Musk Bets He Can Fix Aussie Power Woes in 100 Days or It’s FreeBy
Billionaire’s bet on 100-day solution months after blackout
Prime Minister Turnbull has blamed take-up of renewable power
Billionaire Elon Musk just bet he can solve a looming energy crisis in Australia within 100 days by deploying Tesla Inc. technology to plug a supply gap that’s caused power blackouts.
In a conversation on Twitter with Australian tech billionaire Mike Cannon-Brookes, Musk backed up an earlier commitment Tesla made Thursday, reported by the Australian Financial Review, to deploy its batteries to provide as much as 300 megawatt hours of energy to prevent blackouts in the state of South Australia.
“Tesla will get the system installed and working 100 days from contract signature or it is free,” Musk wrote on Twitter. Cannon-Brookes responded to Musk -- “you’re on mate” -- and asked for a quote at “mates rates.”
In a later post on Twitter, Musk said Tesla could supply batteries at a price of $250 per kilowatt hour. He said in a separate comment that he spoke with Jay Weatherill, premier of South Australia, and was “very impressed" that the government was committed to a "smart, quick solution."
South Australia suffered a state-wide blackout in September after severe storms caused a transmission failure. Australian Prime Minister Malcolm Turnbull blamed the power cut on the state’s rapid take-up of renewable power. Solar and wind account for about 40 percent of its power generation, the highest of any mainland state.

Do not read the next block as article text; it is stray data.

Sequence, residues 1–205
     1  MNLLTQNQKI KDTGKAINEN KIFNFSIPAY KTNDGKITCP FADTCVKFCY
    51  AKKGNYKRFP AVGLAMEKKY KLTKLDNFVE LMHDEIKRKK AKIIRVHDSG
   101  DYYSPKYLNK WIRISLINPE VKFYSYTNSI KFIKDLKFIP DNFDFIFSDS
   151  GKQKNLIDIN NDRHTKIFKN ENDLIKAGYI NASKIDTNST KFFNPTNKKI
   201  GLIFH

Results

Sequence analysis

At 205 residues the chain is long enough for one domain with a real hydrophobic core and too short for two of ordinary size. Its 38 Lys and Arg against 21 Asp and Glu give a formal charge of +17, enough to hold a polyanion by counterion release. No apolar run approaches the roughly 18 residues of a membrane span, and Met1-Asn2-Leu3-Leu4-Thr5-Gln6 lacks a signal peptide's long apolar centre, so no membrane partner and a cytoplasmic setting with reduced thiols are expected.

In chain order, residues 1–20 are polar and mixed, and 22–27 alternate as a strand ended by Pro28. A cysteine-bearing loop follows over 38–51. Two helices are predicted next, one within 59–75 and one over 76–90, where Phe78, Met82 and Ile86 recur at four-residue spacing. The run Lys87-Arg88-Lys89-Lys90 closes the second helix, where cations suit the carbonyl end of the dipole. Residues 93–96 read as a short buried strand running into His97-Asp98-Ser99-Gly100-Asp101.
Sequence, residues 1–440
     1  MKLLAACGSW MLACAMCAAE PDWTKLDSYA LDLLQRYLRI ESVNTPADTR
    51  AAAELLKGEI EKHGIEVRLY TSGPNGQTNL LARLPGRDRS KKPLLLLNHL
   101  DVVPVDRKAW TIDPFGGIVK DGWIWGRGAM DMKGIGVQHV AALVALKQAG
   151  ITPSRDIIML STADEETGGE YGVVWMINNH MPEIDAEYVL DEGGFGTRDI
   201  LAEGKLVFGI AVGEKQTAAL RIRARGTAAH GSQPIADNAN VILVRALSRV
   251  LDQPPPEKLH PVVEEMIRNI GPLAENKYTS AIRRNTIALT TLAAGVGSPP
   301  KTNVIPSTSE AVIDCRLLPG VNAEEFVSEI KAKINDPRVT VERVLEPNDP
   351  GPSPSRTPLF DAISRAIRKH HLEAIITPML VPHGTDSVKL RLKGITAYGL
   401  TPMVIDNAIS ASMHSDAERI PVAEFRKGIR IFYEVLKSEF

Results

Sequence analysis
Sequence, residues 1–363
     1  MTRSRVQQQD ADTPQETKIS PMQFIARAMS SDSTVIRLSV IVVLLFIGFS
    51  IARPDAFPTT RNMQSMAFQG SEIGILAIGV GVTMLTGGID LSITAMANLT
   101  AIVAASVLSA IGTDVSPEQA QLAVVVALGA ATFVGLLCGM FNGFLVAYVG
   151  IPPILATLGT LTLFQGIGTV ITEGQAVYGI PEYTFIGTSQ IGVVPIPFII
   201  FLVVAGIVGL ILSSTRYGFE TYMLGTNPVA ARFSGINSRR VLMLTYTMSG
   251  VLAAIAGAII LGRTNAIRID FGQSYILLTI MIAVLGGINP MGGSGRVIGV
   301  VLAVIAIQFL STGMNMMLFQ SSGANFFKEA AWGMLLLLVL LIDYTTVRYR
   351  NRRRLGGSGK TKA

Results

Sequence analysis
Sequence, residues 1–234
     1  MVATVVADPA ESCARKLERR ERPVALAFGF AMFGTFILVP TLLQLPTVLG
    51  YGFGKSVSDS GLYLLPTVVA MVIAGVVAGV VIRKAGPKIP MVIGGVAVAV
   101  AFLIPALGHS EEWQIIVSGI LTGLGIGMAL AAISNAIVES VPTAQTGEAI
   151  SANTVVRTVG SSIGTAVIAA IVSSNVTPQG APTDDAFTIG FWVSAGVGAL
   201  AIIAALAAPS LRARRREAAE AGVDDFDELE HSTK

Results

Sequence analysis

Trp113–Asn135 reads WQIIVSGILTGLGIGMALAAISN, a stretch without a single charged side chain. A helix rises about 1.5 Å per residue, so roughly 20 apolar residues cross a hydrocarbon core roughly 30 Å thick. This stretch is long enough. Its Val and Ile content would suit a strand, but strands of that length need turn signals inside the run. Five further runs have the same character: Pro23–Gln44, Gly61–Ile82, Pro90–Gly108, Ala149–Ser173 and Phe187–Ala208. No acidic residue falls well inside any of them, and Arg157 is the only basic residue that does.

Renewable energy -- championed globally as a tool to combat global warming -- is a contentious issue in Australia, the world’s biggest coal exporter. Since winning power in 2013 under then-leader Tony Abbott, the coalition government has dismantled a levy on carbon emissions and cut targets for how much energy it aims to draw from wind and solar generation by 2020.
“Musk and Tesla have called the political bluff in proposing one of the world’s largest battery storage projects while the Australian government is obsessing over a more expensive ‘clean coal’ solution or contentious natural gas reservation policy,” said Hugh Bromley, an analyst for Bloomberg New Energy Finance in New York.
South Australia’s Weatherill has denied the blackout was connected to the state’s reliance on renewable energy, describing it as a weather event. Weatherill, in a Twitter post Friday, said he’s “looking forward” to discussing the Tesla proposal.
Greens senator for the state Sarah Hanson-Young called Musk’s proposal the “game changer” South Australia needs. “It’s a wager we should double down on,” she said in a statement.
— With assistance by Ruth Liew